Finally, amid much hooting and shouting, Robert and his men blazed into the Tory camp. As they fired their guns into Riddle's men, Ben rolled off his log and tried to shield his bulk behind it. Some of Riddle's men escaped, but Riddle himself and two others were captured and taken to Mulberry Field Meeting House (later known as Wilkesboro), where they were all hanged from the same limb of a large oak tree. The place where Riddle was captured is part of the mountain range in northern North Carolina which was afterwards known as Riddle's Knob.
Since Ben was away from home so much during this time, his plantation was frequently left unprotected. "A notorious Tory leader of the Upper Yadkin," Bill Harrison, "routinely raided Cleveland's farm, stole his stock, and destroyed his property." Perhaps in retaliation for all the Tory executions, Harrison captured Ben's overseer, John Doss, and hanged him.
Soon afterward, Ben's scouts caught Harrison and took him immediately to the enraged colonel.
"I hope you will not hang me, Colonel," Harrison said softly. "You know I am a useful man in the neighborhood...and I have heard you curse Fanning and other Loyalists for putting prisoners to death. Where are your principles? Where is your conscience?"
"Where is my conscience?" Ben snapped. "Where are my horses and cattle you have stolen, my barns you have burned--and where is poor Jack Doss?"
Ben then dragged Harrison to the same spot where Doss had been hanged. Tying a vine around the Tory's neck, Ben called to his men, "Run up the hill, boys, and butt him off the log!"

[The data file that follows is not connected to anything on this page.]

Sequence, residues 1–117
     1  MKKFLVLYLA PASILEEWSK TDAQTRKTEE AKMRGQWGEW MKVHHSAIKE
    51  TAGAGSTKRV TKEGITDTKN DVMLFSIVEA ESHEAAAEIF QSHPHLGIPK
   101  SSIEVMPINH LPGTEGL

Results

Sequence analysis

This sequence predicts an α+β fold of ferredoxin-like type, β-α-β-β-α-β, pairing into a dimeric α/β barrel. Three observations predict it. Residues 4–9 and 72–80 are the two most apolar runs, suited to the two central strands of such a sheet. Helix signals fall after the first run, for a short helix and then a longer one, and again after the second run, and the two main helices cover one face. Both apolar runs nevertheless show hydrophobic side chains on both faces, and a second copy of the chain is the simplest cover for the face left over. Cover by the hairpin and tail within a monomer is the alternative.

Even when Ben was away from Round About, his influence was constantly present, as was demonstrated one day when some Whig scouts brought four Tories to the Cleveland plantation and asked Mary Cleveland what to do with them. Without hesitation, she ordered, "Go and hang them to the gate post!" The Tories were hanged. Some sources credit Ben's son John with ordering the execution, but more sources credit Mary.
Ben's impatience with injustice was not limited to Tories. A captain in his regiment apprehended a man for stealing stirrups from a saddle and took the thief to Ben, who ordered that the robber's thumbs be locked in the notch of an arbor fork as the culprit received fifteen lashes. This punishment gave rise to yet another localism inspired by Ben's activities: "to the notch."
After the war Ben returned to his beloved Round About, but he was able to remain there only three or four years before he lost his plantation to a "better title." At that time in North Carolina history, land speculation and claim jumping were rampant in the Yadkin Valley. Anyone who had been away fighting in the war for any length of time could expect to be victimized. Even Daniel Boone encountered problems.